Marion Ross has been acting in Hollywood since the early 1950's. Best known for her role as Mrs. Cunningham (or Mrs. C) in 'Happy Days', which ran for eleven years on ABC. Ross now co-stars opposite Drake Bell and Leslie Nielsen in 'Superhero Movie' playing Aunt Lucille.
Ross' character is helping to raise Rick Riker, played by Bell, along with her husband Uncle Albert, played by Nielsen. The movie spoofs such comic book films as 'Spider-Man', 'X-Men', 'Fantastic Four' and 'Batman'.
Written by Craig Mazin who created the 'Scary Movie' franchise, Ross enjoyed the script from the moment she read it. "It's so readable. I thought it's interesting because you think to yourself how would you do that? They conquered so many of those things. It's amazing. It's a credit to the artistic designers as well and the whole staff Craig (Mazin) assembled."
Being in the entertainment industry for such a long time there have certainly been a great deal of changes that Ross has seen over the years. When Ross started, she was a contract actress with Paramount Pictures and certain rules and regulations were enforced "We don't have Standards and Practices anymore. It was an organization and every script went through them. There was a clamp on ones creativity and it must have been maddening for the writers and producers. We, as actors, got used to the fact that we couldn't do lots of things, but its wide open now. It's good in that freedom is always good. It's messy and it's not good taste and it's terrible and that's freedom. It's annoying if you have a swell idea to have a bunch of people picking at what you're doing saying, 'you can't do that.' You ask why and they say, 'oh some poopey reason.' We've gone too far of course, but that's freedom."
'Superhero Movie' is filled with hilarious moments, but which was the most difficult for Ross to actually get through? "The farting scene. I would shake and they would say don't do that. Craig was making the farting noises. They were the greatest vocabulary of farts, every kind that ever passed through man. They put a fan under my dress. It was such a funny scene. The kids are sitting there and their eyes are burning."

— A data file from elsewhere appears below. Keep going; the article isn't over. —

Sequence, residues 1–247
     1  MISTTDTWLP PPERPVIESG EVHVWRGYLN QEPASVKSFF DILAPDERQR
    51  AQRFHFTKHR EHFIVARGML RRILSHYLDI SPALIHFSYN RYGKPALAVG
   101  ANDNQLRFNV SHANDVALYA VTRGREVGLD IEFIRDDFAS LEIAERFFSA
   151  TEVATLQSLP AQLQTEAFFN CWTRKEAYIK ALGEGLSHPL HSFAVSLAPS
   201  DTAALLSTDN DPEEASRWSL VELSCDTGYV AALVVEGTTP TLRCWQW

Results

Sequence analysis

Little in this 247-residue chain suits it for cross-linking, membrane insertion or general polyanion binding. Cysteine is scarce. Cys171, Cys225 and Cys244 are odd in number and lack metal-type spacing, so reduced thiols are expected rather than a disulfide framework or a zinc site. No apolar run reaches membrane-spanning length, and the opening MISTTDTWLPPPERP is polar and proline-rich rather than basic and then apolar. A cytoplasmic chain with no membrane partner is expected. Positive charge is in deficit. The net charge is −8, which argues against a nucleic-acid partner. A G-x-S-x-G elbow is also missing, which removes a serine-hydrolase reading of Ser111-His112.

For younger people coming into the industry Ross definitely has some sound advice to give them, "Watch out for your money. Get a press agent. This is a moment and can you build from this moment? So get a press agent and make a business out of yourself. Take your career where you want it to be. Save your money so you have freedom of choice. Lead a clean life. I remember at Paramount I would see the bodies, a lot of the friends that were in the contract group with me are dead. You have to be careful with yourself." Of course never videotape yourself in intimate acts? Ross immediately says with a smile, "Well that's helped her. That's where I'm wrong. My mother was wrong about that. I try to open my mind and not be so closed minded about where we are going with the culture."
Ross still leads a very busy life and coming up is a special recognition from her hometown. "My hometown is naming their theater after me. Going to be the Marion Ross Arts Theater. My university, San Diego State University is honoring me. It's because I'm getting to be at such an age where I'm going to be honored a lot. I see it coming. I have a play written by Joe Dipietro who wrote I Love You You're Perfect Now Change and Over the River and Through the Woods. We'll start it in August in Kansas City and if we feel like taking it off Broadway we would for the fun of it. I hope to be on Brothers and Sisters again…it would be great if Grandma would come and they would make her a drinker."
Would Ross consider doing a sequel to the film? "Well I think I got totally blown to pieces. I told Craig I smell a sequel. I get blown up and my corpse gets tossed in a living flame." However, in most superhero movies getting blown up or disintegrated doesn't really matter; you can always come back for a sequel.
Check out Marion Ross when 'Superhero Movie' opens today in theaters across the country.